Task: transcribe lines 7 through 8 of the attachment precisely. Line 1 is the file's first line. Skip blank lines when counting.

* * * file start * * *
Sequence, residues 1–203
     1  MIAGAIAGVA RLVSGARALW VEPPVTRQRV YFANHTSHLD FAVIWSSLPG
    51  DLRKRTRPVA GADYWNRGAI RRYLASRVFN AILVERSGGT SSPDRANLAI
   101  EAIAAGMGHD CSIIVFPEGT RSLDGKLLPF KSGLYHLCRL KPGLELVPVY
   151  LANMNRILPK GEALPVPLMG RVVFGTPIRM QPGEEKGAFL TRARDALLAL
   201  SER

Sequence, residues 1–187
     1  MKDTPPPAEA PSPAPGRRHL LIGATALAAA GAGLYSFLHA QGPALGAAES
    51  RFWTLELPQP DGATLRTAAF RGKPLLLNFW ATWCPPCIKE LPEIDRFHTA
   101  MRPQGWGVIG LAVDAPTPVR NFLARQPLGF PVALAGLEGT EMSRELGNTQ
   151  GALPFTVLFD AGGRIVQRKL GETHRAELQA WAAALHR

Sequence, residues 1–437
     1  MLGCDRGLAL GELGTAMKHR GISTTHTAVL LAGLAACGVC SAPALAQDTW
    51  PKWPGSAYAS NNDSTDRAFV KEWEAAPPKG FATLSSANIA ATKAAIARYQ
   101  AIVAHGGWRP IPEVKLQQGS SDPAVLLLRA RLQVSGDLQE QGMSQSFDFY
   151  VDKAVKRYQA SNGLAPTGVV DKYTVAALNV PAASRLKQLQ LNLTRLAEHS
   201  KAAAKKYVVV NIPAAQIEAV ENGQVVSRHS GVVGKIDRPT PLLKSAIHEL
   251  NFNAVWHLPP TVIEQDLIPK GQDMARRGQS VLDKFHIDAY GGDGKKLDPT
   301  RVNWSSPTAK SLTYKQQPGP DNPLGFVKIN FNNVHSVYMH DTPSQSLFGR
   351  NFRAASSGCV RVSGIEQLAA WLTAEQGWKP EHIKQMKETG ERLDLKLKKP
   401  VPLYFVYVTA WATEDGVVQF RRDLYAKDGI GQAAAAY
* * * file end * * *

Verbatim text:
Sequence, residues 1–187
     1  MKDTPPPAEA PSPAPGRRHL LIGATALAAA GAGLYSFLHA QGPALGAAES